Friend and I were tired of waiting for a tide to go out so we wetsuited up and canoe-ed a few miles to get to a place virtually no one has been on the flood. Found tons of bait but not necessarily fish. Was an experience to say the least but we had push it to justify the time we have put in lately. Getting skunked on live eels sucks…but we took a chance. He forgot his gloves for the barnacle covered rocks…I forg

  9. CTMatt

    forgot my korkers insoles for my boots. Frustrating in the thick of bait and not getting many hits. At least we weren’t wondering from shore or worse yet…from the couch/keyboard.

  10. chuckg

    I guess it comes down to personal feelings about one’s ability to take risks, taking into account which is more important, that fish or your family. You have to know your limitations and act judiciously. If that fish is more important than your marriage and your kids, just make sure your insurance is paid up-to-date.

  11. bunufish

    A few years ago, I began taking my friends out fishing. There was a particular good run of bluefish, so teaching surfcasting was magnified by hooking up. So their mentality of fishing is “boring” and “just sitting around” was changed. I had gotten them so excited to fish, they even came out at 5am in hurricane weather. The winds were so bad, we ended up sitting at the boat basin eating munchkins and drinking coffee, watching the waves pound the dock. Amidsted my friend’s mutterings of “who’s bright idea was this!” I just smiled and retorted, “everyone here knew what the weather forecast was”… unfortunately that day, there was also a report of a surfcaster swept off a jetty as well.

    Another occasion was storm watching, and after a few text messages, we decided that the storm wasn’t going to hit Captree. We were wrong; we arrived at Captree and there was no rain. However, there was this huge patch of ominous clouds off in the near distance, my friends grabbed their crabbing gear and ran off to the pier. I eyeballed the clouds one more time, packed up my weakfishing rods, grabbed my rain gear, put out the towels in the car, walked towards the pier and as the first HUGE drops started to hit, smiled as my friends all came dashing back to the car, hilarious. They were all soaking wet, and I was dry as a bone. My car didn’t fair to well though.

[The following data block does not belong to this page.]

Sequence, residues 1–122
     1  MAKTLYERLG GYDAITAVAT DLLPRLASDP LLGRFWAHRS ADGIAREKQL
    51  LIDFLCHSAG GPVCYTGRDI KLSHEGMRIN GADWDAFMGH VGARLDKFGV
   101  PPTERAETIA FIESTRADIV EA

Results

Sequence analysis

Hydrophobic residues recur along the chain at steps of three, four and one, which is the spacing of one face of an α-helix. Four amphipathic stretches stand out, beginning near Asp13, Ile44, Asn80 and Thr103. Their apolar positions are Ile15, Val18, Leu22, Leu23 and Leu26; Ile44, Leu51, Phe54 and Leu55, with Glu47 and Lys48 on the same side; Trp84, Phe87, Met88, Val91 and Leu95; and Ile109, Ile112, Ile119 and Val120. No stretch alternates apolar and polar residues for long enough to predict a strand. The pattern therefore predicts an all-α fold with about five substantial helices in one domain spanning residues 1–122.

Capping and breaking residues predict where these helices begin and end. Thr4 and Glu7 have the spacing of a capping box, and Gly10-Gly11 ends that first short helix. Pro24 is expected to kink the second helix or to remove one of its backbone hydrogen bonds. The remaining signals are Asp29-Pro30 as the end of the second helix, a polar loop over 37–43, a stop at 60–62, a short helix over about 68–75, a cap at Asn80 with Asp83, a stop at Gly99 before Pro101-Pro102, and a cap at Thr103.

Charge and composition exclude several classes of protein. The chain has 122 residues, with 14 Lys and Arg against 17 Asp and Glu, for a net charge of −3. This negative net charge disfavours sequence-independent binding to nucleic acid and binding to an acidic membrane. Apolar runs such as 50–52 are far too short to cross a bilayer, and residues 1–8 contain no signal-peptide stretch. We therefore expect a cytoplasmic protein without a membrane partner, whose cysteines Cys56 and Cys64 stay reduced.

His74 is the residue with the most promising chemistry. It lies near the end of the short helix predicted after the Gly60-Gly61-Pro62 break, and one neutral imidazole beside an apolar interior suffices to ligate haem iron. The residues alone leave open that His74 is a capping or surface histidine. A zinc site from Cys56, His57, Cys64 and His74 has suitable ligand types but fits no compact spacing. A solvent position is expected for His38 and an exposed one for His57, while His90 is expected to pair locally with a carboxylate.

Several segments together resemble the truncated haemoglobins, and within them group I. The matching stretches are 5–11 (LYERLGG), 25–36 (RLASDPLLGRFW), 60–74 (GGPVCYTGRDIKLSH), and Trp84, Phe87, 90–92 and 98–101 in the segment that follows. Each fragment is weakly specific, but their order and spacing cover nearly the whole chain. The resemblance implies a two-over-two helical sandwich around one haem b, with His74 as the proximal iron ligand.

There’s also finishing up lunch in Chinatown NYC after church. Turn to my friend and go, we should go to Montauk and catch the last of the fall run. She goes, “OK”. I did a double take and said, “what?”. Long story short, we took the 2.5 hr drive to Montauk, fished huge blitzes for about 2 hours (I landed only 2 big bluefish), and drove back. It was worth that trip, but definitely need a buddy for the ride.

  12. JohnP

    I think the Montauk fly guides have us beat hands down when it comes to taking a chance. A good percentage of them have flipped their boats (and put customers lives at risk) in a rough surf, trying to get in close enough.

    I’ll take floating in a wet suit over that any day (or night)

  13. richtrox

    As I get older, I’ve had to adjust some of my fishing techniques to accomodate the creaky knee and cranky hip. But the time I worry most is when I’m in my Jeep driving to and from where ever I am/was fishing. I’m more likely to be taken out by some yo-yo texting while driving.

    Truth is, I still find myself in fishing situations once in a while that I’m not %100 comfortable with.

    Your story sounds like our friend Andrew 😉

  14. Adam

    I like to fish in a wetsuit. I fish alone. I wear a mustang survival PFD & keep Force Fins close.
    I practice swimming in my fins & boots regularly. It is very scary stuff & helps me find out who I really am. Best Wishes & Be Safe